Technically this post still falls under the rule of vacation, which for me will not end (as this blog is concerned) until January ends. So, today I had reason to go hang out at the campus of my undergrad (Oglethorpe University in Atlanta). A lot has changed (for example, the dorm I lived in was abolished, not a single member of the philosophy department is the same, and the entire library staff has changed), but whenever I think about Oglethorpe, I think about what it would be like to teach there. As some of you know, Oglethorpe has a thorough core program that all students take that is somewhat like a great books program. All professors are expected to teach a section of one of the cores, and I always thought I would teach the sophomore core, "Human Nature and the Social Order." Now, each semester has certain texts a professor is expected to cover to some degree, and then each professors add or change them within that framework. The reality is, the course has all the pleasures and problems of canon. Books strung together in a certain preformed idea of how works relate, minority voices either ignored or tokenized (So, in the first year core, Narratives of the Self, after a whole year of reading european men, they throw in Toni Morrison's Beloved at the end. Now of course, that is a great book. But one of the things I will always remember is talking with a friend of mine about how we wish we could read Alice Walker in core. Some professor, overhearing this conversation, stated, "You know you read Toni Morrison, right?" And of course, that is one of the great problems of tokenization. A refusal to engage a writer on his or her own terms, but rather demands that the writer speak for all of his or her social identity. All of them, the other. In the whitewash of faux multiculturalism Toni Morrison becomes Alice Walker, and the rod of the canon just keeps beating us over the head). So you can all play the same mental game as I, I will tell you what books you are expected to cover with a sophomore (remember that) class of students from all disciplines. What would you add? Throw in as many minority voices as possible? A few and hope to avoid tokenization? Just go with the canon? Well, tell me what you would teach (and remember, you can do just selections of all of these texts, so feel free to be as specific or general as you want).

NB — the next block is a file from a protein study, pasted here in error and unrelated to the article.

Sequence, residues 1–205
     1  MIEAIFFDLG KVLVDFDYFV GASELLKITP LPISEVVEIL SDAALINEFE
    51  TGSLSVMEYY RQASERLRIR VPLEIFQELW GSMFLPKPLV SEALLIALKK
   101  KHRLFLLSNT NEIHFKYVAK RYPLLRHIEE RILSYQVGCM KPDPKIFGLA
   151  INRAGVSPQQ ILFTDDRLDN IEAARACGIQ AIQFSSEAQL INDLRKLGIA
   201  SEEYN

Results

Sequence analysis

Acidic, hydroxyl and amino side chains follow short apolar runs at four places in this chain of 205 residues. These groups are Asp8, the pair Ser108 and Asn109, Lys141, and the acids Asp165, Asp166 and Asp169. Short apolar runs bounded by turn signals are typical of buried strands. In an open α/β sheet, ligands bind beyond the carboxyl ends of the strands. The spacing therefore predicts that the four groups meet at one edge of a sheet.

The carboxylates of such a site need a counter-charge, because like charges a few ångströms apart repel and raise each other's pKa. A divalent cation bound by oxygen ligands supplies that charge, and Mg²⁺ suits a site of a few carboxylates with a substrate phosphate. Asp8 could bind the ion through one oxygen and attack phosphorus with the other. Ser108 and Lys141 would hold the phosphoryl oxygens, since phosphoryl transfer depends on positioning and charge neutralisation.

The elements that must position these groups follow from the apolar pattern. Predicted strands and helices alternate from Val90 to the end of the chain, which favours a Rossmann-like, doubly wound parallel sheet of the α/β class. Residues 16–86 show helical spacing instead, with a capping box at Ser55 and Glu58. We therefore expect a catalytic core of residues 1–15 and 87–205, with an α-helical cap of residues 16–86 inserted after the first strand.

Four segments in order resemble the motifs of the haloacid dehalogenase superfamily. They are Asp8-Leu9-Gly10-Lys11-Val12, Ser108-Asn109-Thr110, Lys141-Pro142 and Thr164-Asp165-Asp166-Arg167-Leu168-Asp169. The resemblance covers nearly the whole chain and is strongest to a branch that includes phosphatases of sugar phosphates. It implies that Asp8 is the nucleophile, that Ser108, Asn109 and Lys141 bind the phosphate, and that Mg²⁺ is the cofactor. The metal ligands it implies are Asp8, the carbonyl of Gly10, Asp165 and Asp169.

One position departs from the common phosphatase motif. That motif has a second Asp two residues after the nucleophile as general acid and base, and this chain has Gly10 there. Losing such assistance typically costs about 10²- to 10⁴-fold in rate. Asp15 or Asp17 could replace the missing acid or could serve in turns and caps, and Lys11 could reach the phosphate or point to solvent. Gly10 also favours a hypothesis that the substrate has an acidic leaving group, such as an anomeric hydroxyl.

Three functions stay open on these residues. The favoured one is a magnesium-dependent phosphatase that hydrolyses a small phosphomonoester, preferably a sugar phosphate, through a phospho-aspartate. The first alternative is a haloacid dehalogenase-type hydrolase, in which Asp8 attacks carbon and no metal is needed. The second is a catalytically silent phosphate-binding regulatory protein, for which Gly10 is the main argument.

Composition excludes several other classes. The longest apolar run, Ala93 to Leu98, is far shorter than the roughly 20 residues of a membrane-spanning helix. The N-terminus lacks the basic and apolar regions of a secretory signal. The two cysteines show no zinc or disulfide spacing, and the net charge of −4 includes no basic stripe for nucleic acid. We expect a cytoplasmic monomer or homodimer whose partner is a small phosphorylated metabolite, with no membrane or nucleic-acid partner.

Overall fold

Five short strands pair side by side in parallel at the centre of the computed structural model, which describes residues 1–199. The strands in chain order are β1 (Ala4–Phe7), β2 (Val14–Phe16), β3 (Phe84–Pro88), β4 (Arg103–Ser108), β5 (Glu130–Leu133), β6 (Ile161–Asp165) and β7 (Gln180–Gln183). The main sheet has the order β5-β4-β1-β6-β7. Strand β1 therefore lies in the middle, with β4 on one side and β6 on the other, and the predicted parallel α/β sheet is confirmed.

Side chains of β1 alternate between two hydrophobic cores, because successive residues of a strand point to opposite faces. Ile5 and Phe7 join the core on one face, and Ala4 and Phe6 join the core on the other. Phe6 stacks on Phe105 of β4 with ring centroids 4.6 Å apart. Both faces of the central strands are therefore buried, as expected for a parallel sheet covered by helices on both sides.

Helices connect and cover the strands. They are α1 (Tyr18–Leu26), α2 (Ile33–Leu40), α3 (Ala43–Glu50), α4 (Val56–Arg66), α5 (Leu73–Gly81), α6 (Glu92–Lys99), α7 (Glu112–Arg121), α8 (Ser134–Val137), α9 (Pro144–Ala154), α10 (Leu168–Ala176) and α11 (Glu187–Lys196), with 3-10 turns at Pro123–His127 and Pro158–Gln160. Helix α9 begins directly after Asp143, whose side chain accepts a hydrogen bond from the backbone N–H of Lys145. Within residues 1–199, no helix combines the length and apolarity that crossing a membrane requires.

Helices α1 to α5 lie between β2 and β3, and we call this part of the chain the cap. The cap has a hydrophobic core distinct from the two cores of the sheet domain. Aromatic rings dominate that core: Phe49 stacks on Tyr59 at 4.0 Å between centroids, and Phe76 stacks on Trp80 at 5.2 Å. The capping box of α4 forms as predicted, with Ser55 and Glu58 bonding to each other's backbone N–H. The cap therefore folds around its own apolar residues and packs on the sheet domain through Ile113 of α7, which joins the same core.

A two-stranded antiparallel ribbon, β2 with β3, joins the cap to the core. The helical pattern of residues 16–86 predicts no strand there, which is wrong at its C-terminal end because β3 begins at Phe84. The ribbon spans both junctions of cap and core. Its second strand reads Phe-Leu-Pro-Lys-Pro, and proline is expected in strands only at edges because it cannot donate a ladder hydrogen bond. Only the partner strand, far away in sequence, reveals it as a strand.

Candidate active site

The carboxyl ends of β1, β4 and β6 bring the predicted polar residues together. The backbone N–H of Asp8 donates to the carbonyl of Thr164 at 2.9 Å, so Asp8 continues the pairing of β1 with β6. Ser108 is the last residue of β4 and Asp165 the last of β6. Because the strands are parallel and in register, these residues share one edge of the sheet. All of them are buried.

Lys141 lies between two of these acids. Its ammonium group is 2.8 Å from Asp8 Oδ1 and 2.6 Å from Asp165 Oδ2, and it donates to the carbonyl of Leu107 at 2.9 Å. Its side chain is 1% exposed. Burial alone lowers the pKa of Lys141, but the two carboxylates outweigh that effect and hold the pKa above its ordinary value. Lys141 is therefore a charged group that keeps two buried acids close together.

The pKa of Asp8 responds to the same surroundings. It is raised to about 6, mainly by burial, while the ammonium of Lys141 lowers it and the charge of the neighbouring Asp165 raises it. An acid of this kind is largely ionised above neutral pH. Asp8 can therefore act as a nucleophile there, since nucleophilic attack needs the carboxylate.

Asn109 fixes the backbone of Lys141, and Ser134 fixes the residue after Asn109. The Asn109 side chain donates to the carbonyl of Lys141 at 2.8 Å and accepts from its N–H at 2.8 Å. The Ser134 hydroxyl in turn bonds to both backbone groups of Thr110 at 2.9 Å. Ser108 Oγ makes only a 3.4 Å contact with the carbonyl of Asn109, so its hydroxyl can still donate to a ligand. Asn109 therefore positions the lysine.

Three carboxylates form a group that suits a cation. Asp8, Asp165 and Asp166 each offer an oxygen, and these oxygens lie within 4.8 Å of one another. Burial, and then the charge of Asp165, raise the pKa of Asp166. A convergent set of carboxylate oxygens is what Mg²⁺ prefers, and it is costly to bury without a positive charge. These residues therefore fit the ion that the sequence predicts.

Human Nature and the Social Order I: Aristotle's Politics, Aristotle's Nicomachean Ethics, Aquinas from On Law, Morality, and Politics, and lastly Locke's Second Treatise.
Human Nature and the Social Order II: Smith's Wealth of Nations, Marx and Engels' Communist Manifesto, Weber's The Protestant Ethic and the Spirit of Capitalism, and Durkheim's Suicide.